I am reading Eric Jensen’s latest book from ASCD, “Engaging Students with Poverty in Mind“, and am blown away by the research and strategies I’m finding. In even just the first few pages, he discusses how engagement always shows up as a vital achievement factor in most studies. It isn’t, however, always called “engagement”, that’s just the buzz word of the moment. He references a study by John Hattie where engagement was also found to be called “feedback”, “cooperative learning”, “project learning”, or any kind of “interactive teaching”.
Research shows that for every 2% disengagement rises, pass rates on high stakes tests drop by 1%(Valentine & Collins, 2011) via Mr. Jensen. We can’t afford to not care about engaging our students. We can’t continue to only worry about the material we need to teach, and not those lil’people we are teaching it too. School should be the BEST part of their day. If we can make that happen, attendance rates would soar.
Some of the pushback on providing lessons for students that are “engaging” is that we have a lot of content to impart, and not a lot of time in which to do it. “School is not about always being fun, Amber.” But when you think of those synonyms above…those are the kinds of activities that we SHOULD be seeing in our classrooms. That’s not rocket science! With such a national focus on having students graduate, and attending some form of higher education, we first must KEEP our students in schools. To keep them in school, we need to make it more engaging. Students do not just magically become more interested, we have to do our part to make that happen!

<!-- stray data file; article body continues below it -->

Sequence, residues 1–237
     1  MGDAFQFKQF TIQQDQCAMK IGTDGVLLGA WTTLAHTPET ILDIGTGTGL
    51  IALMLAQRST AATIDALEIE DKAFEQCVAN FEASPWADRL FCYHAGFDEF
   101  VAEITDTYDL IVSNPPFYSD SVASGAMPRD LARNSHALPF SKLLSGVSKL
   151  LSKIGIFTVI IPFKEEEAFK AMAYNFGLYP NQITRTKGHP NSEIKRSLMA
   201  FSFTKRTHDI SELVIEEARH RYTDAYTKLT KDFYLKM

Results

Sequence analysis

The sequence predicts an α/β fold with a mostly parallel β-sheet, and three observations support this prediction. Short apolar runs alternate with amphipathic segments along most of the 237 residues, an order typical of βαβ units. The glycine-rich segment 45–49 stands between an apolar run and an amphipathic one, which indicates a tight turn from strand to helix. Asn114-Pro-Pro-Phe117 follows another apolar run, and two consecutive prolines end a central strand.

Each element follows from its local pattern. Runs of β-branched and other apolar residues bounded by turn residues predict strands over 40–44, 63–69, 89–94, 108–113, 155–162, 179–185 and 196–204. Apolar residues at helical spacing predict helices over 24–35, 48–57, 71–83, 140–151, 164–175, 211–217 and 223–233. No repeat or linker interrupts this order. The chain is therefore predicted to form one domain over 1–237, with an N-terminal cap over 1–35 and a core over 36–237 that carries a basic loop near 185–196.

What can you do to make your class more engaging these week? Not more entertaining, but more engaging. Whatever it is, know that it will be worth it.